Seventh Circ. Ct. Denied entry to Clearview Litigation Protection Dispute

The Northern District of Illinois recently declined to suspend an insurance coverage dispute determination based on the ongoing Clearview litigation. This was because, after the court found that an insurance policy was in effect, did not require clarification of facts related to the policyholder’s alleged violations of the Illinois Biometric Information Privacy Act (“BIPA”). Citizen Ins. Co. of Am. v. Wynndalco Enters., LLC, No. 20 C 3873, 2021 US Dist. LEXIS 15300 (ND Ill. January 27, 2021). The case is a reminder that as privacy disputes increase, there will inevitably be disputes about which company (if any) should pay a defendant’s cost in defending such claims. Read on below.

In Citizens Ins. Co. of Am. v. Wynndalco Enters., LLC, No. 20 C 3873, 2021 US Dist. LEXIS 15300 (ND Ill. January 27, 2021), the plaintiff (an insurance company) requested declaratory relief that it is not required to defend or indemnify Defendant Wynndalco in two BIPA class actions. The BIPA litigation alleged that Wynndalco “acted as an Illinois-based agent of Clearview, purchasing Clearview’s technology and then reselling or licensing it to law enforcement, directly or through another intermediary.” I would. at 9. Accordingly, Wynndalco allegedly “violated BIPA by collecting, collecting, receiving, storing, disclosing and / or using biometric identifiers and biometric information in the course of its agency relationship with Clearview without complying with legal requirements”. I would.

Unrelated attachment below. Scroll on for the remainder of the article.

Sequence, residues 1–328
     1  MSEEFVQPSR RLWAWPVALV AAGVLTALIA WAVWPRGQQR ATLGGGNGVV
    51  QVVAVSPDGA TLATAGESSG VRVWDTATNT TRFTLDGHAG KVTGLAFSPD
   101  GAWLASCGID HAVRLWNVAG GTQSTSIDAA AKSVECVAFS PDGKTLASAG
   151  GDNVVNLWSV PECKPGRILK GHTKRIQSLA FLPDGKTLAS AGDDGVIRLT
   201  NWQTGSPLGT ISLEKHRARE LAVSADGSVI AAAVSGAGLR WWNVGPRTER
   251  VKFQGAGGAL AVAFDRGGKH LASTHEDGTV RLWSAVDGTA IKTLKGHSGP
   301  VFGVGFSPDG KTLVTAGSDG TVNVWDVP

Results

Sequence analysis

Citizens then filed a declaratory action seeking a ruling that they were under no obligation to defend or indemnify Wynndalco and Wynndalco’s CEO and founder in the litigation with Clearview. Wynndalco, in turn, endeavored to hold the matter on pending resolution of the underlying cases.

Wynndalco’s motion to remain was based on the principle that “it is generally inappropriate for a court contemplating a declaratory action to determine definitive facts that may bind the parties to the underlying litigation”. I would. at 6. In order to settle the insurers’ dispute, Wynndalco argued that the court must determine two ultimate questions of fact on which the underlying measures depend: (1) “Whether Wynndalco was a government contractor and was therefore exempted under BIPA; and (2) “whether Wynndalco” owned “biometric information.” I would.

The court disagreed. This is due to the need to determine whether citizens are obliged to defend themselves. “The court just has to ask whether the allegations are [BIPA] Complaints, ‘when proven,. . . would establish an injury covered by the policy ”. I would. at * 9 (emphasis in the original). Accordingly, it was not necessary to stay the litigation pending settlement of the BIPA class actions. The court also found that Wynndalco and Wynndalco executives had admitted this in their briefs “in which they set several precedents for suggesting that the insurer’s duty of defense lasts as long as that accusations the underlying complaint may fall within the scope of coverage. ‘”Id. (Emphasis in the original).

So there you have it. This case is a cautionary reminder to privacy litigation defendants that insurance coverage for legal fees is not guaranteed just by the existence of a policy (and the scope of a policy may be questioned before the merits of the underlying privacy litigation are resolved). . We will stay up to date with the latest news on the various issues connected with the Clearview litigation. CPW will be there to keep you updated and to keep you informed of further developments regarding privacy disputes.

© Copyright 2020 Squire Patton Boggs (US) LLPNational Law Review, Volume XI, Number 36

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